Breast cancer awareness

Detecting breast cancer early can mean that treatment is more effective.

Knowing what your breasts normally feel like will help you to be aware of any abnormal changes.

However, not all changes are a sign of breast cancer. Some women have cysts or thickening of the breast tissue, which is normal.

According to Cancer Research UK, 9 out of 10 breast lumps are not cancer.

Read more about causes of breast lumps.

Get to know your breasts

Learn what your breasts look and feel like. Their appearance and feel can change at different times of the menstrual cycle.

The milk-producing tissue in the breast becomes active in the days before a period starts.

Some women find that their breasts feel tender and lumpy at this time, especially near the armpits.

After a hysterectomy (removal of the womb), the breasts usually show the same monthly changes until the time your periods would have stopped naturally.

After the menopause, activity in the milk-producing tissue stops. Normal breasts can feel soft, less firm and not lumpy.

The National Institute for Health and Care Excellence (NICE) says that being breast aware means:

  • knowing what's normal for you
  • looking at your breasts and feeling them
  • knowing what changes to look for
  • reporting any changes to your doctor without delay
  • attending routine breast screening if you're 50 or over

Signs of breast cancer

Be aware of the following changes in your breasts that could signal breast cancer:

  • changes in the outline or shape of the breast, especially those caused by arm movements or by lifting the breast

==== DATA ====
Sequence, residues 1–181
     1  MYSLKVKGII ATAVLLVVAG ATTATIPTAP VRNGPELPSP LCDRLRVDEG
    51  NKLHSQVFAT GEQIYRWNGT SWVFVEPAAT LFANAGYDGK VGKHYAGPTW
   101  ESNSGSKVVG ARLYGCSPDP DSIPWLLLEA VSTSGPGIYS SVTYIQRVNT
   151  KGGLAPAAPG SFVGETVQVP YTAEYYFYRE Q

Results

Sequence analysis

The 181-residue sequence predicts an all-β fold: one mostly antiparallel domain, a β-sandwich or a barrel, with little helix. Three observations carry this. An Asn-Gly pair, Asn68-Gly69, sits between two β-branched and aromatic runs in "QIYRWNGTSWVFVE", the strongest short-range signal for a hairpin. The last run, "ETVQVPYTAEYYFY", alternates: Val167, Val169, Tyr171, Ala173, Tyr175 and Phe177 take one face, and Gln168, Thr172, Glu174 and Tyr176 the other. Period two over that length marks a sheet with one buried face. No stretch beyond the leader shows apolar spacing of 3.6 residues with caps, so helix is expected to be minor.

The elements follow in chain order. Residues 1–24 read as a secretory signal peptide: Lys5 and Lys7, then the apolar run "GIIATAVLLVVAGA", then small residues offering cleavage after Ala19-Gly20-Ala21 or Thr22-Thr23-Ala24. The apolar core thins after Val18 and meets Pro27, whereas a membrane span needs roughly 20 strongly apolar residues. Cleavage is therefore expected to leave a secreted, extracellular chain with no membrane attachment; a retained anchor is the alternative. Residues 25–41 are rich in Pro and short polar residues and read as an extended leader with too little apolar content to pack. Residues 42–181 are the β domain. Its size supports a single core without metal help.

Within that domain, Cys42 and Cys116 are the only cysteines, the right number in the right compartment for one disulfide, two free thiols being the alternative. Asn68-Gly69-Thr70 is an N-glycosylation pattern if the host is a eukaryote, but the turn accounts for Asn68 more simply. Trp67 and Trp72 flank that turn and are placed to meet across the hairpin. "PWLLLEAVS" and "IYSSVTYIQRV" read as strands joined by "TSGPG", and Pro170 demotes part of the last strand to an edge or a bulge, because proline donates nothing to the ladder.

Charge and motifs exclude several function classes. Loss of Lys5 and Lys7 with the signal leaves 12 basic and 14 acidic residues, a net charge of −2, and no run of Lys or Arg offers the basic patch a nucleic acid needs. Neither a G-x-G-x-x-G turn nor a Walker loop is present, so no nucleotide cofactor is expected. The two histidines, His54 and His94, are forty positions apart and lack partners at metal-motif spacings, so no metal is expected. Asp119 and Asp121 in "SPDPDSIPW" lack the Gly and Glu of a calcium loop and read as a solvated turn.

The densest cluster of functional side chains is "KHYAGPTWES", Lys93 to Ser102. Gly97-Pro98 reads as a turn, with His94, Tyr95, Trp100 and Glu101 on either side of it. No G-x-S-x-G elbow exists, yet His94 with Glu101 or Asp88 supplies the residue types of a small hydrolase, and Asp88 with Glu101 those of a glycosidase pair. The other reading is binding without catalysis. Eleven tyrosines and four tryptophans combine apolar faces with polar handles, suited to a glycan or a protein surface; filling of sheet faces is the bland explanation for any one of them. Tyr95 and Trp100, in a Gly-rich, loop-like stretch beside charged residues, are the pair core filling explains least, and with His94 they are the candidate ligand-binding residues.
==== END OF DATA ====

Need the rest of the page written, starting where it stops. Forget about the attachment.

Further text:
• changes in the look or feel of the skin, such as puckering or dimpling
  • any new lumps, thickening or bumpy areas in one breast or armpit, with or without pain, that differs from the same part of the other breast and armpit
  • discharge from the nipple (may be bloodstained)
  • moist, red areas on the nipple that don't heal easily
  • any change in nipple position, such as being pulled in or pointing differently
  • a rash on or around the nipple

If you notice any of these changes, see your GP.

Watch videos of women talking about their breast cancer symptoms.

Watch videos of men talking about their breast cancer symptoms.

Breast pain

Many women worry that breast pain may be a sign of a serious condition. However, breast pain by itself is not a symptom of breast cancer, and breast pain does not increase your risk of developing breast cancer.

More on breast cancer

Article provided by NHS Choices

See original on NHS Choices

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